Winnipeg, April 7 – A policy extension from major pulse buyer, India, brought short-term support to Canada’s dry pea market, but values are hanging in a range.
In late March, India extended its fumigation policy requirement for three months, allowing the market some breathing room, though officials are still hoping to come to a long term solution.
“I think there’s been a little uptick, I don’t know how long it’s going to last, but there’s pretty good demand,” said Tony Gaudet, president of Belle Pulses Ltd.
Pea exports reported by the Canadian Grain Commission are well-above year-ago levels, with the most recent report, released April 7, showing exports to date at 2.6 million tonnes, compared with the same time frame a year prior, when 1.9 million tonnes had moved.
That strong demand is due in part to the “shelf” that dry pea prices sit on, said Bobby Leavins, operations manager at Rayglen Commodities.
“They never went on the run that lentils did; they obviously didn’t come crashing down as much as lentils did,” Leavins said.
“The values it’s being traded at seem to work for both sides,” he said as the market is at a level where growers are willing to sell and buyers are willing to purchase.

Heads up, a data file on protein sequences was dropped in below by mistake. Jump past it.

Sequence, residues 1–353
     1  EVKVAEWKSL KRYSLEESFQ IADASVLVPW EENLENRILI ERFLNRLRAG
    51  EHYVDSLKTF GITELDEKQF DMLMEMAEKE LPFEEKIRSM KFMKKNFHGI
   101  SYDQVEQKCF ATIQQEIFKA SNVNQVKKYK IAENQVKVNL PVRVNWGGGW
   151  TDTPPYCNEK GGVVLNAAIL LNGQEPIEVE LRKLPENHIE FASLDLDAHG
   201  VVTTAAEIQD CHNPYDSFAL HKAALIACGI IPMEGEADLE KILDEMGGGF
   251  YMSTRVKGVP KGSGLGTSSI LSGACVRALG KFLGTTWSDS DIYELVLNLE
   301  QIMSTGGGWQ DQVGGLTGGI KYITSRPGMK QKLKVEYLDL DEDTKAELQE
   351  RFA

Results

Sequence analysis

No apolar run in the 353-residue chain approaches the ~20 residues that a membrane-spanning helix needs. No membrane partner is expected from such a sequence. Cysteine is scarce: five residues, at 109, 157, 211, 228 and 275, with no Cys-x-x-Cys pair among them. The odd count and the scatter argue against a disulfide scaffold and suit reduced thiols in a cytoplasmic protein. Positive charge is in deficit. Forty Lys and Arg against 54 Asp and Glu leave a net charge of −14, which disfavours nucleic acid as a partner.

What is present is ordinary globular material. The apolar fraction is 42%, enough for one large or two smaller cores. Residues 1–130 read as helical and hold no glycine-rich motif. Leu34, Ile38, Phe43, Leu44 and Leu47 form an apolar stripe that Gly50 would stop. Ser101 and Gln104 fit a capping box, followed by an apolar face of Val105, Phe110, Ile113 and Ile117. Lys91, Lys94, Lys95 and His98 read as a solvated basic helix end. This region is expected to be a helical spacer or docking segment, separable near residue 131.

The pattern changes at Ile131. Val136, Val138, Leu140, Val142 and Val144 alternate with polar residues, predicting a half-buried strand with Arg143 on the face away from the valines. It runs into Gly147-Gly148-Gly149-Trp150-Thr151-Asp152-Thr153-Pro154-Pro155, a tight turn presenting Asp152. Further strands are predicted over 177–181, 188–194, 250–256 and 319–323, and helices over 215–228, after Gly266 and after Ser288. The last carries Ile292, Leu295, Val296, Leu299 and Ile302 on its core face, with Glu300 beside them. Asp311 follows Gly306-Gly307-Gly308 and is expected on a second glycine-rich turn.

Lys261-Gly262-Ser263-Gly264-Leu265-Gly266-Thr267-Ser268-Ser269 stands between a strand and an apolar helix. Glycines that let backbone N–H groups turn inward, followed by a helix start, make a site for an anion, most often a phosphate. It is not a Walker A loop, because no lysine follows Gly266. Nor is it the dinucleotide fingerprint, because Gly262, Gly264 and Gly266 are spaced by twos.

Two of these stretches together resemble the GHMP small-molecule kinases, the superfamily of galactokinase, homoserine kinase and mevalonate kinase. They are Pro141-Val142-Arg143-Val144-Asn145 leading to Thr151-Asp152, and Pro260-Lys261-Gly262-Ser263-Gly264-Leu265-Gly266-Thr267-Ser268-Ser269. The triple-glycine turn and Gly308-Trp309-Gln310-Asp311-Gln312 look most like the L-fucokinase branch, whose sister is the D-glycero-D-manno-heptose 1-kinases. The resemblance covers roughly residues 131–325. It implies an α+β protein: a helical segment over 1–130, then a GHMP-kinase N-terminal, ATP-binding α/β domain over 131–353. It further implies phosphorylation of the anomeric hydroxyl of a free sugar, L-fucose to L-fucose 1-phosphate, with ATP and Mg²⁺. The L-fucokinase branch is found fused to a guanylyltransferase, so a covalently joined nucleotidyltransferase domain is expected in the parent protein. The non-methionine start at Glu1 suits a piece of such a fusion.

Western Canadian spot prices for green pea prices are sitting around C$7.65 to $8.50 a bushel, while yellows are trading around $6.70 to $8.75, data from Prairie Ag Hotwire says.
“We don’t expect to see that [prices] changing until we’ve got a better idea on what this year’s crop looks like,” Leavins said.
Projections from Agriculture Canada’s supply and disposition report peg this year’s seeded area at close to 4.2 million acres, which is about on par with last year’s level.
“And I think that if they broke them down by class it’d be mostly yellows,” Leavins said.
Prices for yellow peas are at slightly higher levels in some areas, as supplies are tighter, which will likely lend itself to a higher production.